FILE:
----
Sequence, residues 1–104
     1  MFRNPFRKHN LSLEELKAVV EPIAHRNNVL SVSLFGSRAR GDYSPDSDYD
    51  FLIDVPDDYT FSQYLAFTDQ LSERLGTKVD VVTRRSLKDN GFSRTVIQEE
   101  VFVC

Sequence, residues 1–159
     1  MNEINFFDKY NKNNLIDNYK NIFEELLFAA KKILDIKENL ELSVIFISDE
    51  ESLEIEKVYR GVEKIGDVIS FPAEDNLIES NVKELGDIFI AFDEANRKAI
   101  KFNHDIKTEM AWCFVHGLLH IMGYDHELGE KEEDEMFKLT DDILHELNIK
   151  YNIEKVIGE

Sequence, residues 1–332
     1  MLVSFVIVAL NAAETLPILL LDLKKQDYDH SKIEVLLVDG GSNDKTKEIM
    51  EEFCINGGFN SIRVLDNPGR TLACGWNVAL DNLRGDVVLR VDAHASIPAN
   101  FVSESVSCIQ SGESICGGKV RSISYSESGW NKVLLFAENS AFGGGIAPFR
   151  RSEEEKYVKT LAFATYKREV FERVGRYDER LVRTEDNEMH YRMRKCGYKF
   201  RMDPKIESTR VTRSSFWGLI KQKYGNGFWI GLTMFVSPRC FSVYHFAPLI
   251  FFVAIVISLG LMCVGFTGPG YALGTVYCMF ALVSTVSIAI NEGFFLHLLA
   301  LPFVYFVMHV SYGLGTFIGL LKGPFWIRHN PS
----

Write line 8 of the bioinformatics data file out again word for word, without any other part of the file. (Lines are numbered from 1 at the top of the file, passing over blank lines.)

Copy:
   101  KFNHDIKTEM AWCFVHGLLH IMGYDHELGE KEEDEMFKLT DDILHELNIK